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Did Deshaun Watson dupe NFL into thinking he was accepting responsibility?

Deshaun Watson seemed to accept responsibility for inappropriate behavior, but his reaction to his 11-game suspension has Mike Florio and Myles Simmons concerned about whether the Browns QB has learned anything.

Last Friday, with a settlement of the Deshaun Watson’s disciplinary case suddenly a possibility, the Browns quarterback for the first time apologized to the women “impacted” by his behavior. Immediately after resolving the situation on Thursday, Watson issued a statement in which he accepted accountability for his decisions.

Then, he basically said, “Psych!”

Like a criminal defendant who signs a plea agreement before proclaiming he didn’t do it, Watson insisted that he’s innocent during an ill-advised press conference. His agent, David Mulugheta, after deleting a tweet that attacked the ruling of Judge Sue L. Robinson that Watson didn’t appeal, tweeted that Watson has always stated that he is innocent.

That’s not what Judge Robinson found. In the decision that the NFLPA urged the NFL to accept, she found that Watson violated the Personal Conduct Policy in three different ways, by committing four instances of non-violent sexual assault. She found that his behavior was “egregious” and “predatory.” And now, after agreeing to a deal that extended her punishment by five games and added a fine of $5 million, Watson and Mulugheta have retreated to the long-held insistence that Watson didn’t do anything wrong.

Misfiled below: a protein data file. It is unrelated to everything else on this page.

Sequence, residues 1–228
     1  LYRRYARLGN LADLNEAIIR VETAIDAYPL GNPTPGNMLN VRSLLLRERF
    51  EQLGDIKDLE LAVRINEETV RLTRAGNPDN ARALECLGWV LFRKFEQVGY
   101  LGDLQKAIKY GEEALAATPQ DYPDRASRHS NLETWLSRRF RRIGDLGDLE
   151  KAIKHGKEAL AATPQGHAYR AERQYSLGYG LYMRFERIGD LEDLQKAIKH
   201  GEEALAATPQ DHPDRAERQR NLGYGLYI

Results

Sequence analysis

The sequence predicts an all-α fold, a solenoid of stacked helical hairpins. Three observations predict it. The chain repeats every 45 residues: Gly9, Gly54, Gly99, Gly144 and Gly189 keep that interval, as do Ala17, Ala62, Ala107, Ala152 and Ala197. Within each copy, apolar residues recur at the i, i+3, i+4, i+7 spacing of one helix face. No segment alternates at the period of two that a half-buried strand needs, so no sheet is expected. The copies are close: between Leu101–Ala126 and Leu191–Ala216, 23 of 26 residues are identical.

The league has not yet responded to an email from PFT posing the simple question of whether Watson’s remarks constitute a violation of the terms of the settlement. Maybe he hasn’t violated the deal yet, but the “I didn’t do it” attitude doesn’t bode well for one specific aspect of the terms of the deal.

As noted by Adam Schefter of, as part of an inherently contradictory stream of tweets and retweets that both carry water for Watson and dump it on his head, “Watson has to comply with [evaluation] and treatment recommendations of a third-party behavioral expert to be reinstated,” and his “reinstatement is contingent upon his compliance with the treatment plan.”

“If he doesn’t comply, his reinstatement could be delayed, plus further discipline,” Schefter says.

The evaluation and treatment should include frank, direct questions for Watson as to whether he truly accepts responsibility for his behavior. Whether he acknowledges that he engaged in non-violent sexual assault. Judge Robinson found that his “categorical denial” wasn’t truthful. She also found that his claim that he never got an erection during a massage was flat-out false, given that multiple massage therapists who vouched for him acknowledged that he became aroused during massages that they provided to him.

That’s why we shouldn’t assume Watson automatically will be back in Week 13 at Houston. If/when the person providing him with evaluation and/or treatment plays the video from today’s press conference and Watson doesn’t have a persuasive explanation for his decision to insist on his innocence, it’s possible that Watson won’t receive the appropriate certification to return and play.

It’s not some small issue. As noted by Schefter, the league viewed Watson’s apology from last Friday as an “important first step.” Today, he took three steps back.

Our guess? If he doesn’t make a clear and unequivocal public statement of responsibility before Week 13, there’s a chance he won’t be playing for the Browns when they visit the Texans.